# h=-9.8t^2-s, solving for t?

• May 25th 2011, 07:03 PM
ijustdontgetit
h=-9.8t^2-s, solving for t?
(I don't know the exact wording of the problem, and I apologize for any vague details.)
A ball is dropped from 11.6 meters. How long does it take in seconds for the ball to fall? It is represented in the equation h=-9.8t^2 - s, where h is the height of ball when it stops falling, t is the time it takes for the ball to fall, and s is the height the ball is dropped.

So s=11.6, correct? It would be h=-9.8t^2-11.6. Wouldn't h=0, as well? How do I solve for t, the time (in seconds) it takes to fall?

There is also a second half to the problem; if the height the ball was dropped was cut in half, would the time it takes to fall be half as well?

If possible, I need help to this literally ASAP. Thank you VERY VERY much!! (:
• May 25th 2011, 07:20 PM
TheEmptySet
Quote:

Originally Posted by ijustdontgetit
(I don't know the exact wording of the problem, and I apologize for any vague details.)
A ball is dropped from 11.6 meters. How long does it take in seconds for the ball to fall? It is represented in the equation h=-9.8t^2 - s, where h is the height of ball when it stops falling, t is the time it takes for the ball to fall, and s is the height the ball is dropped.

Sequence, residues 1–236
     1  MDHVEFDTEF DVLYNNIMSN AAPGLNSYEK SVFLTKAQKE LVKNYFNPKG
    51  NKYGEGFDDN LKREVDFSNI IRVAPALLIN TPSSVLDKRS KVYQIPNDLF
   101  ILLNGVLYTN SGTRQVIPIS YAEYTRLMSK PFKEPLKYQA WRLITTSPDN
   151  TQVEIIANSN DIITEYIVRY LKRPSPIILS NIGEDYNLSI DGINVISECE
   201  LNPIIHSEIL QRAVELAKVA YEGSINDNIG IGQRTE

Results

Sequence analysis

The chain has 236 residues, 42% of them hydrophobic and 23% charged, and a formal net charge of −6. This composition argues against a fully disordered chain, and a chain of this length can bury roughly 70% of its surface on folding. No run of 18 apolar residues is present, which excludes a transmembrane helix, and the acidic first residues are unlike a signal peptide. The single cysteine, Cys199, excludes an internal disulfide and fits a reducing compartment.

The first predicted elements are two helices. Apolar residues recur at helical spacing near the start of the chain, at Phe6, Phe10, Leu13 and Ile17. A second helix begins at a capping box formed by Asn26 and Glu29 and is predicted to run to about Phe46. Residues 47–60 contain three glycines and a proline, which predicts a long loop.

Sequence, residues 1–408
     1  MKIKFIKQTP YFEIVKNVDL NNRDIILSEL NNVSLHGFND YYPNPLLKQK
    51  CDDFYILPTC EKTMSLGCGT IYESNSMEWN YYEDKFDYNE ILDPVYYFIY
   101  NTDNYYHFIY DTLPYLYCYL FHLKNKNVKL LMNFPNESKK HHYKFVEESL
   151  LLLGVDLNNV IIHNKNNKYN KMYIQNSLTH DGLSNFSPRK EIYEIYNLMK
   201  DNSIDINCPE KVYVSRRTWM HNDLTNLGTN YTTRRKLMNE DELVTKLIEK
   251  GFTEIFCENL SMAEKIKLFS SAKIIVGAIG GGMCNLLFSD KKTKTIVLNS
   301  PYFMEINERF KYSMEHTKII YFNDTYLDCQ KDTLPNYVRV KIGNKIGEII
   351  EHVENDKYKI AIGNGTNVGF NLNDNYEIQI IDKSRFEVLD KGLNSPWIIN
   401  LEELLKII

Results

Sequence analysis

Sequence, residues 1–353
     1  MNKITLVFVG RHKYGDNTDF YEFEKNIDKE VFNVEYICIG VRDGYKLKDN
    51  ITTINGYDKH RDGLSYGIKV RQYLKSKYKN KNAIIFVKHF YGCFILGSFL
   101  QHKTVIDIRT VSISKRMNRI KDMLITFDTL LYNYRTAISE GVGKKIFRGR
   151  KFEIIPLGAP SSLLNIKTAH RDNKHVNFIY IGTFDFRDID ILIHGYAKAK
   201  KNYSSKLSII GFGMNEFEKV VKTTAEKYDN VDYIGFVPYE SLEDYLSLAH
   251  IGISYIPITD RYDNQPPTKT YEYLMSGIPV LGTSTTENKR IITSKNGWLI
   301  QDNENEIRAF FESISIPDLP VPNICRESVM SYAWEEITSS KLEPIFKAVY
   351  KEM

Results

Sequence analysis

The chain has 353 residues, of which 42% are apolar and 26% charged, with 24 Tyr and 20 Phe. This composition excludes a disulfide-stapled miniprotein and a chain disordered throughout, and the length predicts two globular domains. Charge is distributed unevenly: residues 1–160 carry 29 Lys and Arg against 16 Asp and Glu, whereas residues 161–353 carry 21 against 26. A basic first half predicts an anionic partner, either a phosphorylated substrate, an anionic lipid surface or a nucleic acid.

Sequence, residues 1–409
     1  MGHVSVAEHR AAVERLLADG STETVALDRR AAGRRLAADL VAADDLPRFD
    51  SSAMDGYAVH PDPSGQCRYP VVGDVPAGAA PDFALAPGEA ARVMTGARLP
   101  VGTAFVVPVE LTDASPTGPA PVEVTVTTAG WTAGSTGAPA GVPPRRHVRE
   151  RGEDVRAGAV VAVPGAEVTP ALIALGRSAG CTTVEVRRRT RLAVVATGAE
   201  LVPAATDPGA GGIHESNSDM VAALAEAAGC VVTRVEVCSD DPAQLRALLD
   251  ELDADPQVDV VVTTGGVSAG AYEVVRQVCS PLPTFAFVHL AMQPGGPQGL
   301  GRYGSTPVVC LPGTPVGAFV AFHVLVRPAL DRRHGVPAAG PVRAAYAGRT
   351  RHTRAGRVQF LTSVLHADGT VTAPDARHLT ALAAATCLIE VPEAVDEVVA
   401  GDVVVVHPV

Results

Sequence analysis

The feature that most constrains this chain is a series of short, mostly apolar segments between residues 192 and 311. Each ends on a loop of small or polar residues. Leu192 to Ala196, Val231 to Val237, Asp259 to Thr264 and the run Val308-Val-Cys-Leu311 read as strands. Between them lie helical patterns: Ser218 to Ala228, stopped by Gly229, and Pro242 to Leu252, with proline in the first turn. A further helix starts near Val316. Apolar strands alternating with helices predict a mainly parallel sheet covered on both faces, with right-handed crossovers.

So s=11.6, correct? It would be h=-9.8t^2-11.6. Wouldn't h=0, as well? How do I solve for t, the time (in seconds) it takes to fall?

There is also a second half to the problem; if the height the ball was dropped was cut in half, would the time it takes to fall be half as well?

If possible, I need help to this literally ASAP. Thank you VERY VERY much!! (:

My guess is that this is a physics problem.

First you have the kinematic equation incorrect. It should be

$\displaystyle s=s_0+v_0t+\frac{1}{2}at^2$

Where s is the position v is the velocity and a is the acceleration.

From what you have given in the problem the acceleration of the ball is due to gravity only

$\displaystyle a=-g=-9.8 \frac{m}{s^2}$

Since the ball is dropped its initial velocity is zero and its final height is zero also. so we get

$\displaystyle 0=-4.9t^2+11.6$

From here isolate t squared and then take the square root.

for the 2nd part you can just solve again with half of the height to see if its true or not, but before you do that you should try to figure it out based on physical reasoning.
• May 26th 2011, 02:09 AM
Ackbeet
Quote:

Originally Posted by ijustdontgetit
If possible, I need help to this literally ASAP. Thank you VERY VERY much!! (:

Would this question be counting towards a grade?